The Reserve Bank of Australia’s (RBA) meeting minutes printed last night. This is from the last meeting of two weeks ago, when the RBA left rates unchanged. The minutes didn’t add anything to what RBA Gov. Stevens had told them two weeks ago. And that is the RBA will keep their easing bias as needed. So, as usual, we need to watch the data in Australia, for it will tell us what to expect from the RBA going forward.  The Aussie dollar (A$) continues to see an unwinding of the strong risk sentiment that persisted a week ago, but has since faded.

The same can be said for the New Zealand dollar/kiwi. However, kiwi had a spanner thrown in its rally works, by the Reserve Bank of New Zealand (RBNZ) who cut rates last week. New Zealand will print their latest Trade Balance tonight. This is where New Zealand gets into trouble with the markets, as their Trade deficit has remained stuck around 3.3% of GDP. Not the worst in the world, but certainly not the best either, and with an economy as small as New Zealand’s (compared to the Big Boys) this really begins to stick out like a sore thumb!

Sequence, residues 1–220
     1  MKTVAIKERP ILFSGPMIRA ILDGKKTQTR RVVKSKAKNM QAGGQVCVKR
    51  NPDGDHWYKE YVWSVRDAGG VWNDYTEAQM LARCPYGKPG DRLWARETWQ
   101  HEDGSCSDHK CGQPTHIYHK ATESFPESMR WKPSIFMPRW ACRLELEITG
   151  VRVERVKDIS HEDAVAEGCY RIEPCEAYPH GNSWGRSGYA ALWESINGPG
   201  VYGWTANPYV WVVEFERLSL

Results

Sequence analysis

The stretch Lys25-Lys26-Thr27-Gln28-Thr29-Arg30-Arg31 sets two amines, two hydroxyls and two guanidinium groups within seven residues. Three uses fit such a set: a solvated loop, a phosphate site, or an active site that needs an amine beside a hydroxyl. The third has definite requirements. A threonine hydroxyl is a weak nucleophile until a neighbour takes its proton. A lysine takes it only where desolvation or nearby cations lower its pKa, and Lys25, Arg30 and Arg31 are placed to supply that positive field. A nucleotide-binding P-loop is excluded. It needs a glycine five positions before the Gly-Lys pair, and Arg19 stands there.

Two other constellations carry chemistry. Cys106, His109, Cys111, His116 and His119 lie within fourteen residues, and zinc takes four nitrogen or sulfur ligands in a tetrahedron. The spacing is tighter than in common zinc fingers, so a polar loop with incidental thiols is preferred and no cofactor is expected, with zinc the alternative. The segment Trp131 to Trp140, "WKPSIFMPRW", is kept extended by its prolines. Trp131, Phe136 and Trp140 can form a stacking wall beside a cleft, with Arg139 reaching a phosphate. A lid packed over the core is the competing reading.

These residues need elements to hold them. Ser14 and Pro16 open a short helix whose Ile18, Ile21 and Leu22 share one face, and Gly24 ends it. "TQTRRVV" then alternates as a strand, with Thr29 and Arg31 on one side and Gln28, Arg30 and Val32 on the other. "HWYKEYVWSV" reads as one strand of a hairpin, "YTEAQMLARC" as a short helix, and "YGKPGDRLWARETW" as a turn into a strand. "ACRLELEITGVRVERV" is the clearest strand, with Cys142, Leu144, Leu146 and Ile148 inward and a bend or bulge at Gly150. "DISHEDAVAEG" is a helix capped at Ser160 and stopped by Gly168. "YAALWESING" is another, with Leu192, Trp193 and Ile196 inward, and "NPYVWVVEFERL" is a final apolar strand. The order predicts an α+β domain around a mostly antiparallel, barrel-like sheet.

Gold took a shot to the mid-section yesterday. At the end of the day, gold was down $15 from the previous day. And the other precious metals, silver, platinum and palladium are all following gold lower. Gold is flat this morning but has been down a couple of bucks or so, as I’ve been writing.

I was reading Ed Steer’s letter, and thought he nailed silver’s recent moves, as he was not happy that a certain entity (I won’t give them credit here) had been on the sidelines recently as silver rose in price and attempted to narrow that ratio percentage with gold. But he believes he saw this certain entity back in the silver markets with 3,000 new short contracts in silver. He also believes, as do I, that if those 3,000 short contracts in silver hadn’t shown up that silver was about to explode in price upward. Oh, well, we live to fight another day, another battle, right?

The U.S. Data Cupboard finally gets restocked today! And February Retail Sales will print. The BHI indicates to me that the report will be disappointing at best. Uh-oh! But don’t be discouraged there will be plenty of other data prints this week. But I wouldn’t get my hopes up too much that they will be strong and show the U.S. economy growing at a better than 2% clip, which is what we’ve been stuck at since 2008.

The data cupboard will also have PPI for February, the Empire Manufacturing Index (NY region) for March (so far), and the old Total net TIC Flows, which used to be important, but not any longer. Sort of like the late great Yogi Berra’s quote about a popular restaurant, “nobody goes there anymore, it’s too crowded”. HA!